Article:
Unincorporated Nonprofit Association

Under the Uniform Unincorporated Nonprofit Association Act (UUNAA), an Unincorporated Nonprofit Association (UNA) is formed when two or more members join under an agreement—which can be oral, in a record, or implied from conduct—with at least one common, nonprofit purpose. Social, charitable, or collector DAOs formed without a for-profit purpose might find it useful to become a UNA to order their activities and limit liability. Two facts to note: The UUNAA defines staking and liquidity-mining profits used to maintain a DAO’s protocol as nonprofit; and liability protection is dependent on jurisdiction—not all states recognize a UNA.

Concluding Thoughts

Placing a DAO in a corporate structure does not necessarily dilute its decentralized purpose. The DAO’s community members are still free to make collective decisions (for example, to purchase art or donate and direct assets to a particular cause or project). The DAO can also keep its bottom-up, distributed governance model. And for DAOs seeking to limit the liability of their members and developers and for DAOs that want to interact with parties off-chain, some form of legal structure is necessary.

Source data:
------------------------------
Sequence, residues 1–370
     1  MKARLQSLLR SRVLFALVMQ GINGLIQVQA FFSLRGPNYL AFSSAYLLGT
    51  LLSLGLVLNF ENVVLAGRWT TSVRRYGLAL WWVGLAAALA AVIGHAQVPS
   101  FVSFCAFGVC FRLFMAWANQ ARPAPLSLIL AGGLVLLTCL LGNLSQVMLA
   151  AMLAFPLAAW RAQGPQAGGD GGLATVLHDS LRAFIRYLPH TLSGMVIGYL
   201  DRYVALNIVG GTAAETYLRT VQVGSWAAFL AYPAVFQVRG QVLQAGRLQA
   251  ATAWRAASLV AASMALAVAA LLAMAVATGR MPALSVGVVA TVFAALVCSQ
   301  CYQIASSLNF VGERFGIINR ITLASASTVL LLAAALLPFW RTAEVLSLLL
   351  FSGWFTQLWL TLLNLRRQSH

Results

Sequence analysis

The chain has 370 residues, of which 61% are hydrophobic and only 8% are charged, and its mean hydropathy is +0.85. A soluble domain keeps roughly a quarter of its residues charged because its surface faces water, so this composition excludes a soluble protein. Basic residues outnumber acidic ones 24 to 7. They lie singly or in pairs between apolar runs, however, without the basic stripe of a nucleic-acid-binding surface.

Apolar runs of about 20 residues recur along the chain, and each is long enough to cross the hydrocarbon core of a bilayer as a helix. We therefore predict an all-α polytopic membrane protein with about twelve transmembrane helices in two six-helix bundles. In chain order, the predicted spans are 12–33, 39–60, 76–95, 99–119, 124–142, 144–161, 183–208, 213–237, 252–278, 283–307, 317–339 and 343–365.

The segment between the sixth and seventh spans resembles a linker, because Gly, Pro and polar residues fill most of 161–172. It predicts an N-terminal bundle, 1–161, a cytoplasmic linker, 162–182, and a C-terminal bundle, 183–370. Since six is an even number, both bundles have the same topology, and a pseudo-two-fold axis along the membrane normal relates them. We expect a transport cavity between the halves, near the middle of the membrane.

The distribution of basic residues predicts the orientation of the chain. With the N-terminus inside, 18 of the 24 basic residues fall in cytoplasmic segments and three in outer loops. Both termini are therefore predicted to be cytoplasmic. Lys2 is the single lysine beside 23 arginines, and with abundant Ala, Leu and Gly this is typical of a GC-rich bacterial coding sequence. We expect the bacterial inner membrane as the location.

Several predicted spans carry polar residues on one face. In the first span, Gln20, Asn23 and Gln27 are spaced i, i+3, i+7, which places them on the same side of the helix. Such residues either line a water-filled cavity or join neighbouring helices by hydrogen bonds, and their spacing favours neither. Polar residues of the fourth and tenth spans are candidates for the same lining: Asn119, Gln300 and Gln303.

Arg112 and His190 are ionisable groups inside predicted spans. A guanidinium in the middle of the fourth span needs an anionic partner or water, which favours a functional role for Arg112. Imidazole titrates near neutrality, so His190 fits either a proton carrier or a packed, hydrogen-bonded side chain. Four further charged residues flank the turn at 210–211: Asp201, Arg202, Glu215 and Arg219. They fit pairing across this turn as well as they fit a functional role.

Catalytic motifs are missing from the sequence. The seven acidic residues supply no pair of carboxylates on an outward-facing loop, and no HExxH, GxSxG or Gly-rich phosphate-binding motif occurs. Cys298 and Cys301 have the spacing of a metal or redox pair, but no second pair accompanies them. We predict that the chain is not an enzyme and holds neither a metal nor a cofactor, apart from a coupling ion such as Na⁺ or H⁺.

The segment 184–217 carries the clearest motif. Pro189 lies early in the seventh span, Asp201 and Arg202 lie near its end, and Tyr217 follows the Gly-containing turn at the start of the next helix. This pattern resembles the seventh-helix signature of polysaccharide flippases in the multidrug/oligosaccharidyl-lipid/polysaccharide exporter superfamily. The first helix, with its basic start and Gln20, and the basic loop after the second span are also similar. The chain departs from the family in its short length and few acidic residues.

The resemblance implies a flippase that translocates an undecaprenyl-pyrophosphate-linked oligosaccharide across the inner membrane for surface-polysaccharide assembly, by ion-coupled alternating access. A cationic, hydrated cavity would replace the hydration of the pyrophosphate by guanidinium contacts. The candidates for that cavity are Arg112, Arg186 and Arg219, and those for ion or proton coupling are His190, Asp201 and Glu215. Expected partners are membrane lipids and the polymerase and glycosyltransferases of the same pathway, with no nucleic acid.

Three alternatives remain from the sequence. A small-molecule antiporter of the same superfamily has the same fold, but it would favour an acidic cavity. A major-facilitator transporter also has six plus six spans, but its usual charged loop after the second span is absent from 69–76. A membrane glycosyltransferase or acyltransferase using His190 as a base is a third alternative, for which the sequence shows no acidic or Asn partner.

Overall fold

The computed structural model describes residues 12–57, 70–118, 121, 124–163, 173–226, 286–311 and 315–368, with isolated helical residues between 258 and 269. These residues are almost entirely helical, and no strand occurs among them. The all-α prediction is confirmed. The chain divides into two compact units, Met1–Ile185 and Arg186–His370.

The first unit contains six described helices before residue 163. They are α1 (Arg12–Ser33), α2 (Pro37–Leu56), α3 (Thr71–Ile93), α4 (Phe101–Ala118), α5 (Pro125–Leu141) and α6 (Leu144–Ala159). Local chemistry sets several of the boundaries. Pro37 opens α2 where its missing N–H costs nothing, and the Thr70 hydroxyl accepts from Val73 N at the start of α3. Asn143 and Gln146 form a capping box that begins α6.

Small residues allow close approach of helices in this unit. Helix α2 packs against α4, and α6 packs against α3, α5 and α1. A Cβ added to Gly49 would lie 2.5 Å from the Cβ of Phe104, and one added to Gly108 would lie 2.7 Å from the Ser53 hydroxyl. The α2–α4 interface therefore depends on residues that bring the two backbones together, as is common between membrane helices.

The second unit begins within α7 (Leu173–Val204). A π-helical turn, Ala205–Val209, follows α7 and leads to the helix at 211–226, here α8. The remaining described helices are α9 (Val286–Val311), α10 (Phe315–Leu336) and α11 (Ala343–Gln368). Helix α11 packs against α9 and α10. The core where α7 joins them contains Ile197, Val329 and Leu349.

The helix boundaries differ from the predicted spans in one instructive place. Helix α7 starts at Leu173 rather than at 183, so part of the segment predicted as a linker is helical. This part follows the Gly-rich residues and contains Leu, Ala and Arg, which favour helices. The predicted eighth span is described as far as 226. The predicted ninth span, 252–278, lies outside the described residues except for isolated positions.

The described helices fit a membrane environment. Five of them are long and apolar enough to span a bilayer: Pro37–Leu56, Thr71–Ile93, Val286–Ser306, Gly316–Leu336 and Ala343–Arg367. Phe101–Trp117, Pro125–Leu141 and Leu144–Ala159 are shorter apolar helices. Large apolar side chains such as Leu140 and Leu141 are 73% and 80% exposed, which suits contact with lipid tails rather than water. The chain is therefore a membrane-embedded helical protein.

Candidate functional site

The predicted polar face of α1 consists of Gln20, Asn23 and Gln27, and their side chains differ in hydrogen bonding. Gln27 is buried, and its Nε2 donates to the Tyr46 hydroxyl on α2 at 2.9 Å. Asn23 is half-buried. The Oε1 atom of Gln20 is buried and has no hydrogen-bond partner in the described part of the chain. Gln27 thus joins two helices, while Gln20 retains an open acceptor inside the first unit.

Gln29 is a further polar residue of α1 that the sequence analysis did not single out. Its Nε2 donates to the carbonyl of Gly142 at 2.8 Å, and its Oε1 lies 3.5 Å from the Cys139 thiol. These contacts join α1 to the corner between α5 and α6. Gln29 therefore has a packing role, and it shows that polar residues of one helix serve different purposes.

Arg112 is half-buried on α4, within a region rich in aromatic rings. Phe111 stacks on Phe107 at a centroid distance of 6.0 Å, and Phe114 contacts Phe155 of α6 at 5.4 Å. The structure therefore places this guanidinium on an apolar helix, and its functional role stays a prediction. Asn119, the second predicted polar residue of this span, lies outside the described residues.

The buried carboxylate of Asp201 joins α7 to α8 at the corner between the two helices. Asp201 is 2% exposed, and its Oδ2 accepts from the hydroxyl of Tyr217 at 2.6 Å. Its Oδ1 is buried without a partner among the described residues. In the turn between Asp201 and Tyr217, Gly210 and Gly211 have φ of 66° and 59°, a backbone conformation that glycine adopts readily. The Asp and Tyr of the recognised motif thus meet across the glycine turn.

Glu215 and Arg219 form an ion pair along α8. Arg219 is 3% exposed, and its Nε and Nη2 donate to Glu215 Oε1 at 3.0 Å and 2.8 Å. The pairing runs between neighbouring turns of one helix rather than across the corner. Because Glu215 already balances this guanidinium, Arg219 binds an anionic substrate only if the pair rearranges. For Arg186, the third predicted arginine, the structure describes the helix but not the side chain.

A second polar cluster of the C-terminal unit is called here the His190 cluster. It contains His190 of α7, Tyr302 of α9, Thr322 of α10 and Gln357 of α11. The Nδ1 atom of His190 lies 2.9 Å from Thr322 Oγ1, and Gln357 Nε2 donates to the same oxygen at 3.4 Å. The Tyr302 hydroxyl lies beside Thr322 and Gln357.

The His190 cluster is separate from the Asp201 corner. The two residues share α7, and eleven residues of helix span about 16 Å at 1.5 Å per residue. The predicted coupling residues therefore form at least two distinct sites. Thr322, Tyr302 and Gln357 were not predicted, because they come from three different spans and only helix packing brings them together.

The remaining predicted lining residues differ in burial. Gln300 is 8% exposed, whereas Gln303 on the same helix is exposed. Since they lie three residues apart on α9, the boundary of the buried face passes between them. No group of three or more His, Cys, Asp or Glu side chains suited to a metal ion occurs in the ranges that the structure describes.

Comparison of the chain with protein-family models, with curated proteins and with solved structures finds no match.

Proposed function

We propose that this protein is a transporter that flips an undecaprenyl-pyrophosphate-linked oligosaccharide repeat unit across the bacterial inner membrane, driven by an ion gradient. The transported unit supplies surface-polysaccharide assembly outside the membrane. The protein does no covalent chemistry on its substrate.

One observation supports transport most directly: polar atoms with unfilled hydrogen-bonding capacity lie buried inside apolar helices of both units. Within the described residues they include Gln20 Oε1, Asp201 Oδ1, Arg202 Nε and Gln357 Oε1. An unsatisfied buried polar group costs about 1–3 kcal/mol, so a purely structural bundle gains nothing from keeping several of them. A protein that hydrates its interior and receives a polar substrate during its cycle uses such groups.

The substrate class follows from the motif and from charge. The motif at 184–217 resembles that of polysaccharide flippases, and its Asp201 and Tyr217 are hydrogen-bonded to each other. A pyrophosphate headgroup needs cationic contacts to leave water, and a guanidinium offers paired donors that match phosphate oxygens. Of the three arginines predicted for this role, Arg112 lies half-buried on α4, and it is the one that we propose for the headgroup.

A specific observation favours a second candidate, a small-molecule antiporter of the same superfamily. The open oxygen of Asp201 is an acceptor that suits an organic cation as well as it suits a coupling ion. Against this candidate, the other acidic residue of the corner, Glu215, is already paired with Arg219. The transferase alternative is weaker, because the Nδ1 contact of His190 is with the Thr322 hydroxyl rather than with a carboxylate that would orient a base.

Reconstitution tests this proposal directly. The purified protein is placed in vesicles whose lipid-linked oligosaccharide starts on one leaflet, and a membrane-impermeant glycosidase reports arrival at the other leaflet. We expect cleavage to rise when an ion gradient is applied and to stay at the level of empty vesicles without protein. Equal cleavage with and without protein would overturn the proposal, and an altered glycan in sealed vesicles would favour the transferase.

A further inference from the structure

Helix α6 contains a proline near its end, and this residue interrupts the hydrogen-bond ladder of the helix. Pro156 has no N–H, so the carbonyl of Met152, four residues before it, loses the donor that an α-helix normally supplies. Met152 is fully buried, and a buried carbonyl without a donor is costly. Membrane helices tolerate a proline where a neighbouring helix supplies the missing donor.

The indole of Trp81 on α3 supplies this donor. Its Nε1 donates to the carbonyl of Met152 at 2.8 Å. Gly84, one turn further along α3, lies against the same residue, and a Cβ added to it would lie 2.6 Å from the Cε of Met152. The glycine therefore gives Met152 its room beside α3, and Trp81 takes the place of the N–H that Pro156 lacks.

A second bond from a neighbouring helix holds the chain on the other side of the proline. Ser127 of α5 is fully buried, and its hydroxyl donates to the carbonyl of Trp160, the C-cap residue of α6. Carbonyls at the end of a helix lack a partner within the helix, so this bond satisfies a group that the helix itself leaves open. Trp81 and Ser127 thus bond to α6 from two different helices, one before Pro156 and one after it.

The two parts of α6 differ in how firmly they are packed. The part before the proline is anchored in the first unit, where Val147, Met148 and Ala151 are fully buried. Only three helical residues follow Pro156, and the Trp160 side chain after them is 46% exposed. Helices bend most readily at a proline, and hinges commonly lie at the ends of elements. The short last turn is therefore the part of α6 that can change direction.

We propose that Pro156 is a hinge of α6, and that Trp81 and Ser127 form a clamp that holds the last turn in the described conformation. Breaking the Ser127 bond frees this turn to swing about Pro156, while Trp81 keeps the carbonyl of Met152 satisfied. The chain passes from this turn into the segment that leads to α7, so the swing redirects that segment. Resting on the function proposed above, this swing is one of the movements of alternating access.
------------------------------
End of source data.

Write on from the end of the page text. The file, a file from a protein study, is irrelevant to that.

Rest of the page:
Also, eventually, some parties may grow weary of doing business with a DAO with unlimited liability. So, DAOs might want to adapt and embrace the private ordering that corporate organization confers. Another incentive? As the U.S. government applies a “tech-neutral” approach to regulating the digital asset economy, it may look to regulate DAOs like traditional corporations; it might serve a DAO well to be structured in a way that facilitates interacting with regulators, including through paying taxes.